By chance, Putrino had been working on a project for dysautonomia patients with Amy Kontorovich, a genetic cardiologist at Mount Sinai who studies the condition and has treated hundreds of patients with it. (After they met, Kontorovich ended up diagnosing and treating Putrino’s wife, who has Ehlers-Danlos syndrome, a group of genetic disorders that affect the body’s connective tissues; it is commonly associated with dysautonomia.) And so, as the team showed him the cases, Putrino told me, he felt a leap of recognition. “I looked at the symptoms and was like, ‘Oh my God.’ And I called Amy and said, ‘Help.’ ”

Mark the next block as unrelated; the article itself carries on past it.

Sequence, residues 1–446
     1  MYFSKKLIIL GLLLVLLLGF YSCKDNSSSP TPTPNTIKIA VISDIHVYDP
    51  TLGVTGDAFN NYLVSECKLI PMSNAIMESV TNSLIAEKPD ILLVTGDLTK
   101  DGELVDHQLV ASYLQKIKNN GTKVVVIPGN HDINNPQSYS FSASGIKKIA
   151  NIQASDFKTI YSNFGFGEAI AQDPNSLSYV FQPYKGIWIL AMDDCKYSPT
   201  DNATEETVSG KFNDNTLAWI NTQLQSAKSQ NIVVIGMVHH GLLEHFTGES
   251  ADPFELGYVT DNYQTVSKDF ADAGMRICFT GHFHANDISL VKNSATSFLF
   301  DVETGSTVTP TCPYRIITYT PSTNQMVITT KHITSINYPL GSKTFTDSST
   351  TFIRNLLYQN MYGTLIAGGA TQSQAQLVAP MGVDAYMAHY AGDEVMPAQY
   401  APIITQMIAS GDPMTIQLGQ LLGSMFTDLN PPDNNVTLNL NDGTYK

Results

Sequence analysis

Kontorovich was prepared for the call. A key clue had come her way: Two weeks earlier, she had received an email from a doctor she knew named Jessica Cohen, a 38-year-old who worked at a New York–area hospital. Cohen had tested positive for COVID-19 on March 8—at the start of the first wave in New York—a few days after her husband returned from a trip to Scotland feeling logy. The couple have two young children. “I told him to ‘get over it,’ ” she says. “In retrospect, that may not have been the right thing to say.”
At first her illness was relatively mild, like her husband’s. Tracking her oxygen levels and heart rate with her smartwatch, she felt she had gotten lucky. But on the eighth day—March 16—she went to the bathroom, and her heart began to race, beating more than 140 times per minute. Worried she had a blood clot, she texted a colleague, who told her to go to the ER. No one yet had any idea what COVID-19 did to the heart.